Well, let me start, Doug. On sports, depending on which part of the ecosystem you’re in, as you said, regional, national, U.S. or international, there’s not a connection necessarily to all the contracts all synced in one way or the same. They’re all very individual. And based on the nature of the season versus the playoffs, it obviously gets even more complicated. So our focus at the moment is trying to work with each of our various leagues, where, I think, ultimately, the answers to some of these questions reside. The leagues have to decide are they going to be playing, what happens to the future if they’re just starting a season or the current one that got disrupted. And as I said, I think we’re seeing encouraging movement all over the world, including in the U.S. And so I think it’s very much top of mind. We if we are able to get clarification, then we can give that to our customers. It works differently in Europe than it does in the U.S. So I don’t know that we have any more to add to the information that we gave in the remarks, but our main focus and hope is that there’s an awful lot of effort being spent to get back quickly and safely, and I’m hopeful that that’s going to happen. But Dave, why don’t you talk about anything else on sports but particularly maybe on wireless?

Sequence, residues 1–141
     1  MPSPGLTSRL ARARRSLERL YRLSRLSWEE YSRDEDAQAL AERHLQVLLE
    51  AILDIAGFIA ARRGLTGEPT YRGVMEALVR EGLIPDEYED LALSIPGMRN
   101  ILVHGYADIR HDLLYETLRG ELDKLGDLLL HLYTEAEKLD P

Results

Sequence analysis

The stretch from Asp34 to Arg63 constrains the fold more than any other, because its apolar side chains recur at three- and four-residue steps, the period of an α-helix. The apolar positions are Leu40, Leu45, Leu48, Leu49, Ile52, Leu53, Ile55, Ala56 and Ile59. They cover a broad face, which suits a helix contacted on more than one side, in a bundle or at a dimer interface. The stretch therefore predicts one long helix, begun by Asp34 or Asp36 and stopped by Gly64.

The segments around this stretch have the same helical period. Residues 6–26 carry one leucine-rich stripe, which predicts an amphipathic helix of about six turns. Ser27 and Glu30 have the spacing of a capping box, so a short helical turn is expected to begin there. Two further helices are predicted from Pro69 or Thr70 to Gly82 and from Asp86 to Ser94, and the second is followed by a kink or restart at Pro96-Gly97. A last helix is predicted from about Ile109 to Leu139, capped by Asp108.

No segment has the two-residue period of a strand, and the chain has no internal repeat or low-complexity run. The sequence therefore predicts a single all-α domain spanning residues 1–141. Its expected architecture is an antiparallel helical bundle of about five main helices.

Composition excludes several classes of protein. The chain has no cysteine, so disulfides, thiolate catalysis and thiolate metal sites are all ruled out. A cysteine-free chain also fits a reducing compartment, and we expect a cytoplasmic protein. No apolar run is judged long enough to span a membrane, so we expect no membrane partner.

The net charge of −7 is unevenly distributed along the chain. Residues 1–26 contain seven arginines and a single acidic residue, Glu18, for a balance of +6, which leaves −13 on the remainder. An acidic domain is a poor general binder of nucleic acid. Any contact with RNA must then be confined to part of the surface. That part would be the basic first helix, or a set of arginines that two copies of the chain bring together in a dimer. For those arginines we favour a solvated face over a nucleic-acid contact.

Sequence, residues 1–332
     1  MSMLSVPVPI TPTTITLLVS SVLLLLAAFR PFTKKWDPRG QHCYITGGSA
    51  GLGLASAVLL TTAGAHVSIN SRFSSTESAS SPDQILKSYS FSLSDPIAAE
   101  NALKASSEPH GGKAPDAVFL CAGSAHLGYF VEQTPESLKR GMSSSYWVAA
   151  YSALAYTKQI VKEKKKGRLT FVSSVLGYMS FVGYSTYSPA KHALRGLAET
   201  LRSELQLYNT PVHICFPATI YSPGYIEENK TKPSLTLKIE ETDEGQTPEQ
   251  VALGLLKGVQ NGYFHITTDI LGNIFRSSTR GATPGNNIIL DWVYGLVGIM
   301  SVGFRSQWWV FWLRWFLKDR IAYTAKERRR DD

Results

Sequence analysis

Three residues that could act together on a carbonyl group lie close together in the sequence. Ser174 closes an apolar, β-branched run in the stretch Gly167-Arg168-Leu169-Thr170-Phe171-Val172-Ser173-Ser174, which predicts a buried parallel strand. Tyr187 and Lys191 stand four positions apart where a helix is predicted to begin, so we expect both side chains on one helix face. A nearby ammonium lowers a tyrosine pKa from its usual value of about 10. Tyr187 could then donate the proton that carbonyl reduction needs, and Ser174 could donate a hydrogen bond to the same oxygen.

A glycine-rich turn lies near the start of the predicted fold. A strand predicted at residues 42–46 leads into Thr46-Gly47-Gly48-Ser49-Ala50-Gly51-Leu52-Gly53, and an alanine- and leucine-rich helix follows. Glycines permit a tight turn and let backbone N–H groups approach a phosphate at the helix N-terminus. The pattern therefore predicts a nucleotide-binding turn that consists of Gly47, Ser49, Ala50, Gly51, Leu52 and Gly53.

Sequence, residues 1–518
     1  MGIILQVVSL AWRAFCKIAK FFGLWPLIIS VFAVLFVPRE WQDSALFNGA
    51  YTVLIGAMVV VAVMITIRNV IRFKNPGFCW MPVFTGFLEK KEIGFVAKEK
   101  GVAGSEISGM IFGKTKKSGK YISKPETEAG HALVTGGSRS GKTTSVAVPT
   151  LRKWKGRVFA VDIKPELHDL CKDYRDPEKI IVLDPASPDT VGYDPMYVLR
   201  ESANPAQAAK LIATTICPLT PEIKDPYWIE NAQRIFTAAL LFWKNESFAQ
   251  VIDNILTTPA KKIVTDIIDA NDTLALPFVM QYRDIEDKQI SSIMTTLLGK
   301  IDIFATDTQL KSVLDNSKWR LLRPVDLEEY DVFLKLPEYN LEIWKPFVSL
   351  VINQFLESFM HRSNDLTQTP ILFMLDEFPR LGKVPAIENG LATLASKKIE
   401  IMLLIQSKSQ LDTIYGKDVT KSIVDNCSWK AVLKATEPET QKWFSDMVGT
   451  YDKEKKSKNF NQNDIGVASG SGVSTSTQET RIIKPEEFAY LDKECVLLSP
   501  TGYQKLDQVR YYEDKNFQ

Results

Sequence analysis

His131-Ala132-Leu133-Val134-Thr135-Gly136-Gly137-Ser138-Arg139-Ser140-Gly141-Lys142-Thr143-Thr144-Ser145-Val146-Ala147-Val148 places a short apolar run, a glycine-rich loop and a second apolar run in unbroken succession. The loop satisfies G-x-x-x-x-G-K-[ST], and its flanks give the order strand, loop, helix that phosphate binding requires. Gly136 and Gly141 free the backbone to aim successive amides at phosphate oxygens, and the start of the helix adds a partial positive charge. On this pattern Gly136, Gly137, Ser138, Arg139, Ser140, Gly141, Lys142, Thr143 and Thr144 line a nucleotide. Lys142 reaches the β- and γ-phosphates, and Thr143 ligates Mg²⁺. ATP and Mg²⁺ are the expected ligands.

I think you covered it well in sports. On wireless, Doug, we continue to like our current approach. Even in this moment, we see that all the major areas that we’ve been focused on around broadband churn yes, there’ll be a little bit of impact on retail through this period, but between Bring Your Own Device, new device launches, we continue to be real pleased with the trajectory of the wireless business. As to opportunities, spectrum and/or the relationship, we like our relationship, current one that we have. We’re always going to be staring at ways of making improvements to it over time, but the fundamentals are very good. And in regards to spectrum, nothing new to report. We will be opportunistic if it makes sense to our business. Overall, the third objective is to be profitable at scale, and we feel very comfortable with where we’re going.